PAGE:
This post is not intended for me to overvalue or undervalue certain parts of the physical gathering. This post simply expresses my current state of emotions regarding the things I miss most about going to church on Sunday.
* Background: this post was written during the COVID-19 pandemic. During this pandemic all social gatherings (not just religious) were asked to stop until the spread of the virus is slowed down. At this point in time, our church has not met for 3 consecutive weeks and services are still suspended until further notice.
The Commute to and from the Gathering with My Wife. On a normal Sunday my wife and I drive to church together. There are times, however, because of my responsibilities before or after church that we will drive separate, but the norm is us together. I really miss this aspect of the physical gathering because it is a good time for us to talk about our Sunday.
On our way to church, I normally play our church’s Spotify playlist of songs that we’ll sing during the service. I may also pick my wife’s brain on the sermon I will preach. I will ask her if my basic concept is clear, if some of my planned illustrations make sense, etc. We also discuss general topics related to church.
On our way home, I almost always ask my wife as we pull out the parking lot, “how was your Sunday?” and “learn anything interesting today?” Sometimes this discussion is short and sometimes it is long. We also spend our drive home talking about our Sunday.
Congregational Singing. How could I not love congregational singing? It is the combination of two of the things I highly value: God’s people and Christian music. While our church has provided music for us to sing at home during our live stream, nothing beats the gathered congregation’s collective voice. Even if the building is sparse with members, participating and hearing the voices of the congregation encourages my heart (cf. Eph 5:18–21; Col 3:16–17). In the midst of the collective voice I can sometimes hear individual voices of members I know, members I have counseled, or discipled. There are actual people behind the voices and it encourages me to hear them sing rich songs of the Christian faith.
(Real Life) Expository Preaching. Whether I am the preacher or someone else, I really miss real life expository preaching. Preaching to a camera lens does not feel like preaching the way God intended. Good preaching is often illustrated with home cooked meals. A home cooked meal is personal, intimate, delicious, and satisfying. Home cooks know their audience and prepare meals according to their dietary needs and preferences. In much the same way, local church pastors prepare sermons tailor fit from God’s Word for their congregation.
This does not mean expositors manipulate or change the message of Scripture. Rather, it highlights the personal nature of applying the timeless truth of Scripture to a given audience. It indicates that pastors know their people.
Live stream preaching is just not the same. It is like the difference between listening to an MP3 versus watching a live performance. It is like the difference between looking at a picture of Yosemite Falls and standing in front of Yosemite Falls. We would much prefer the live action, real time experience. The secondary mediums of pictures and recordings can only accomplish a fraction of the real thing.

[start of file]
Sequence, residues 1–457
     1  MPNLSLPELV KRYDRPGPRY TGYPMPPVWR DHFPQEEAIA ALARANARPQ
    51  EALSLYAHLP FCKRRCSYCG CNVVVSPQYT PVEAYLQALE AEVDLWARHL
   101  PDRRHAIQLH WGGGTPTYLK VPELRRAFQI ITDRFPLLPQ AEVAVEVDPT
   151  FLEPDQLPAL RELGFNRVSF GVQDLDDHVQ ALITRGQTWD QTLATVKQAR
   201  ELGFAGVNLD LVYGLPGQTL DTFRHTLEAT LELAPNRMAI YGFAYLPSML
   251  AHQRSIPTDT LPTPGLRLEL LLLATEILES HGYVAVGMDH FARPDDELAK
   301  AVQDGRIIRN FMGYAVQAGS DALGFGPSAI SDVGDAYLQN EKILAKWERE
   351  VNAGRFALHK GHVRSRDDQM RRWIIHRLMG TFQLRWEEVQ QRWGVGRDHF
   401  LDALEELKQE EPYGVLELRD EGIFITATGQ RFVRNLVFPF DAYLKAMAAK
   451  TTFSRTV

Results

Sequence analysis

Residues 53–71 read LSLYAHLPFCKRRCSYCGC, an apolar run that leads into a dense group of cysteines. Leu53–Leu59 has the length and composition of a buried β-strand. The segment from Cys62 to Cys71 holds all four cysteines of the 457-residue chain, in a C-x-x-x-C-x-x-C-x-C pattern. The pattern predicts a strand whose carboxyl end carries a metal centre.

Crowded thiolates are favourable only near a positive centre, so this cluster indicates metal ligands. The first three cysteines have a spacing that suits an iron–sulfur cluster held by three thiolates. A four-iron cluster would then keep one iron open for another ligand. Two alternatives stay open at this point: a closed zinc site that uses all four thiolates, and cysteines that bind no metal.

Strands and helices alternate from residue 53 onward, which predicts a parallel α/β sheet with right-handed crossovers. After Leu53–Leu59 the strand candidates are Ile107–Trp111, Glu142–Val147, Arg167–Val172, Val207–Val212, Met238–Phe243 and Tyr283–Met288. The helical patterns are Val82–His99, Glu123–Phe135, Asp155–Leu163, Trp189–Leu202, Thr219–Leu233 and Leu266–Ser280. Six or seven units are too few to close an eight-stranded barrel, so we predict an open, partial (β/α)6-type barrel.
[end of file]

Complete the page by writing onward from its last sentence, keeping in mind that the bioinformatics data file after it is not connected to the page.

The Prayers of God’s People. Our service has portions where members offer prayers of praise, thanksgiving, and confession of sin. The only prayer reserved for the pastors is the pastoral (or intercessory) prayer. It is refreshing and encouraging to hear church members thoughtfully offer these prayers. Prayer is a genuine act of Christian service that encourages my soul.
The Observance of the Lord’s Table. Our church observes the Lord’s Table every first of the month. It is our conviction that this is an ordinance observed in the physical gathering of the local church. For this reason, we have not practiced the Lord’s Table on our live stream. The Lord’s Table is a family meal provided for us to remember the work of Christ, reflect on present-day gospel implications, and anticipate the return of our Lord. At the table, we are not merely reminded of our reconciliation with God, but our reconciliation with one another as the household of God. It is a reminder that I live the Christian life alongside other saints who love and care for me through discipleship and accountability. For these reasons, I miss the observance of the Lord’s Table and anticipate the day when we can observe it again together.
The Fellowship of the Local Church. After we close our service in prayer, we often encourage church members to stick around and fellowship and encourage one another in the faith. While there are times people need to leave, there is an overwhelming majority of people who will stay for a good amount of time. This gives us time to catch up and hear from one another. Christians find strength in spending time with one another (see Heb 10:23–25; 1 Thess 3:1–2). As a pastor, I find these times of fellowship very encouraging. I love observing church members talking, laughing, praying, and serving one another.
Conclusion. These are just a few of the aspects I am currently missing about the physical gathering of the local church. I’m praying for God’s mercy for us to meet and gather again in a safe and healthy environment.
What do you miss most about your weekly church gathering?